Rheumatologist shortage likely to get worse

3 minute read

The current supply of trainees risks not meeting future needs, rheumatology workforce survey finds.

One of the most keenly anticipated sessions at the ARA ASM was the results of the 2021 rheumatology workforce survey.

Presented by Professor Catherine Hill, the findings showed that Australia had an under-supply of both adult and paediatric rheumatologists, especially in regional and rural areas – and with projected decreased working hours over the next two years, it’s set to get worse.

In raw numbers, there were 380 adult rheumatologists, a number that fell slightly short of the 400 rheumatologists needed to fulfil the estimated ideal number, based on two rheumatologists per 100,000 adults.

However, most survey respondents indicated they were not doing a full-time clinical rheumatology load, with a median of six half-days per week. Based on reported clinical workload, therefore, current numbers equated to 231 full-time-equivalent positions – well short of the 400 needed.

This situation was even worse for paediatric rheumatology, as was raised at the recent parliamentary inquiry. There were 25 paediatric rheumatologists working a clinical full-time-equivalent of 13, which again was well short of the ideal of 32 (based on one per 200,000 children).

Based on current workloads, the estimated shortfall in rheumatologists was 278 adult and 36 paediatric rheumatologists.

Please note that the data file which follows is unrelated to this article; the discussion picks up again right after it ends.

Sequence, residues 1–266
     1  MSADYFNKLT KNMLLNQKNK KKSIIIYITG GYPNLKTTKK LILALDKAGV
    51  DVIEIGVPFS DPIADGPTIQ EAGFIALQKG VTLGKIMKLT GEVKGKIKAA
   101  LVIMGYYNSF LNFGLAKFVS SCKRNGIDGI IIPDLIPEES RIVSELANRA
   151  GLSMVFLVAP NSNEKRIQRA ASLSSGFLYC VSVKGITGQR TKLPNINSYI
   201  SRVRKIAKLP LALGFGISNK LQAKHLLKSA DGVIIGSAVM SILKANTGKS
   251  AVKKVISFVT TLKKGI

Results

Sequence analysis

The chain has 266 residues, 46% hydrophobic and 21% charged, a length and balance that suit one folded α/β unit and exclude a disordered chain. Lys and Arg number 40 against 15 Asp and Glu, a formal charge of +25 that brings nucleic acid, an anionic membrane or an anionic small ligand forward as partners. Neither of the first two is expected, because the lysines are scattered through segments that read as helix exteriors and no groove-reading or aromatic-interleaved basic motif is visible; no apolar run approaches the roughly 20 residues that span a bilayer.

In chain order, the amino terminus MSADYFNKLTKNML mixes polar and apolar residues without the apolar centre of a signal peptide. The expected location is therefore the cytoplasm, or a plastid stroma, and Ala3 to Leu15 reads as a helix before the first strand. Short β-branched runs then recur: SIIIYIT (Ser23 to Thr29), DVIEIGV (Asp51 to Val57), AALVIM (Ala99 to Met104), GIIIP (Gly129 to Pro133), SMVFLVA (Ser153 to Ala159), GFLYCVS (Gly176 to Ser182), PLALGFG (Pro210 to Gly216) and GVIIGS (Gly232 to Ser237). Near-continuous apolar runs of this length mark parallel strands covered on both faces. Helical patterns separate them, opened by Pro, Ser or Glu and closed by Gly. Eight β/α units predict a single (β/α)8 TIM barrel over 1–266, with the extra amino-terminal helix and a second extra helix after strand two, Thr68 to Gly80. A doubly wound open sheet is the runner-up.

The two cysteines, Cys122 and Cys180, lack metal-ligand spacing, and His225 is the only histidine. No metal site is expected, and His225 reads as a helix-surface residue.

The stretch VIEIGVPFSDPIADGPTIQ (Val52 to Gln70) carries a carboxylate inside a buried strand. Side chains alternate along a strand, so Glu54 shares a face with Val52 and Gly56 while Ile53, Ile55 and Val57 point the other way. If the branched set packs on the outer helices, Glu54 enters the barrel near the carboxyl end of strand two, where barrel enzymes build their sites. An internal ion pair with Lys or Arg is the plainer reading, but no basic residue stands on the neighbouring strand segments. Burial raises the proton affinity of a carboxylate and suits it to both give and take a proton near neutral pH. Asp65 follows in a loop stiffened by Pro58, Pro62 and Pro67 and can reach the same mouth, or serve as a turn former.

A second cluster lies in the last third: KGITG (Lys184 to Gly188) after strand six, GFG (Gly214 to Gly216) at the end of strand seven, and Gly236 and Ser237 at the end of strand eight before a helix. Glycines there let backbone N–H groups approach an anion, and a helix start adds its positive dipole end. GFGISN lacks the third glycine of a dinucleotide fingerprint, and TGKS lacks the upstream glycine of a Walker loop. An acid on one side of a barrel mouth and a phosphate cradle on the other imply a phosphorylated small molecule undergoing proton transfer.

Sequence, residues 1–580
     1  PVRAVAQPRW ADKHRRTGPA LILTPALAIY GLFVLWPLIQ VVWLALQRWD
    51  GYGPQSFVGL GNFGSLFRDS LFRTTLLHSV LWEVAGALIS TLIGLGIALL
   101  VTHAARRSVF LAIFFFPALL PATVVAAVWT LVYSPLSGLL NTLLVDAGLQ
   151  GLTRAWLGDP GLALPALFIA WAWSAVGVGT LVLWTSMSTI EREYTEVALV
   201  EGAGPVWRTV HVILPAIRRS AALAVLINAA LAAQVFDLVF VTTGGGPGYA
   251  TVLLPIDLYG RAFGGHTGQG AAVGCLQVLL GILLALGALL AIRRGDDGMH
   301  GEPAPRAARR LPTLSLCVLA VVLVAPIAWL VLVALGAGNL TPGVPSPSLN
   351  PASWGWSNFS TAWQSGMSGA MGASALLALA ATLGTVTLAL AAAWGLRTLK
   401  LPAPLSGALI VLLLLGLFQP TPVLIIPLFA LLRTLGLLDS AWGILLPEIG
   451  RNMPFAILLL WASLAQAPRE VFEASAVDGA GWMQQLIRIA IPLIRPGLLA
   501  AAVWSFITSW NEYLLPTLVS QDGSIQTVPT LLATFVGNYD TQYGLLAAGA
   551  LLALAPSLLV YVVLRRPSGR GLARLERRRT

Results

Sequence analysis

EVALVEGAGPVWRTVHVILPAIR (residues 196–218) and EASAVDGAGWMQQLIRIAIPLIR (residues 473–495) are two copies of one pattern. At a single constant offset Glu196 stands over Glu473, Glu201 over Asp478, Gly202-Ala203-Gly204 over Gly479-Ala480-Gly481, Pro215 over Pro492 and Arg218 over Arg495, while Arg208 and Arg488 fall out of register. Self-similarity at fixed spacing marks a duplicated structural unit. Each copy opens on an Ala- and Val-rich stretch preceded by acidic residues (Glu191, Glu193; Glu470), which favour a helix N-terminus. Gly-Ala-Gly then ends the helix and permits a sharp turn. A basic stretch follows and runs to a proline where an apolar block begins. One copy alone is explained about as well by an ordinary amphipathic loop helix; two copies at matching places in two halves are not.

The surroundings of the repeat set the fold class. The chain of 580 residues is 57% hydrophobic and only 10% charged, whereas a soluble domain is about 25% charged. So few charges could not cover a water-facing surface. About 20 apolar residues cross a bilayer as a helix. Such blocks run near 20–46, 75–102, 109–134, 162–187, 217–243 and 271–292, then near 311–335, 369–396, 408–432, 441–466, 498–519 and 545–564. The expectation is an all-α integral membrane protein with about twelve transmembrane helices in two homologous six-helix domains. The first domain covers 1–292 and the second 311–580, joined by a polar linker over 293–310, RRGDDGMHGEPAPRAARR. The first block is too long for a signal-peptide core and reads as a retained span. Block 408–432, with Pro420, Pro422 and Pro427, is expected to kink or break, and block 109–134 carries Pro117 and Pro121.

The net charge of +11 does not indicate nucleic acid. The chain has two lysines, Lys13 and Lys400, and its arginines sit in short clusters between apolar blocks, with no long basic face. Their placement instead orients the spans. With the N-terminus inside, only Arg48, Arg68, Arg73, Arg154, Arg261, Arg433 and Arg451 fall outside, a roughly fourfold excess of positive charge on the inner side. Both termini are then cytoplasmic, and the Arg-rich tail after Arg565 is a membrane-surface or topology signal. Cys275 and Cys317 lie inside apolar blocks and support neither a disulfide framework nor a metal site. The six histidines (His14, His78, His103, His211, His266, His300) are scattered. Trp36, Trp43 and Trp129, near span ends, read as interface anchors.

The survey also found that while 10% of rheumatologists were considering increasing their work hours, 38% were considering reducing their workload temporarily or permanently, mostly within the next two years.

The survey analysis considered several trainee scenarios over the next 15 years. If current levels were maintained – that is, around 17 to 18 finishing per year – the ideal number of rheumatologists might be met by 2038. However, that number was based on a rheumatologist count, not the actual clinical hours worked – and if workloads continued at their current level, the ideal number would never be met unless trainee numbers were almost doubled.

“Now, this doesn’t take into account the ageing of our population, or the possibility for an increased demand for our services – for example, if there was a change in therapeutics that required extra input by rheumatologists,” said Professor Hill.

The situation for rural and regional rheumatology was particularly problematic, with only about a quarter of rheumatologists doing regional and rural clinics, typically one clinic per month. These were more likely to be older rheumatologists than younger ones, and males more than females. No paediatric rheumatologists reported doing rural or regional clinics.

The good news was that work satisfaction was high, with 80% satisfied or very satisfied with their work.

“It’s a bit less of females,” Professor Hill pointed out, “but overall, we have very good job satisfaction.

Work-life balance was reasonable, with almost half extremely or very satisfied with work-life balance, with males more satisfied than females, and the youngest and oldest cohorts more satisfied than those in the middle years, especially 45-64, when people were working more.

As for the future, the ARA would advocate for increased advanced training positions. As Professor Hill said in wrapping up the session: “At the current rate, we’re never going to meet ideal numbers, in our lives, in the lifetime of my career and in many other careers. I think it really shows that we need probably at least 75% to 100% more trainees to meet the demand”.

The lead image was provided by Dr Elaine Ng, a rheumatology advanced trainee who enjoys drawing.

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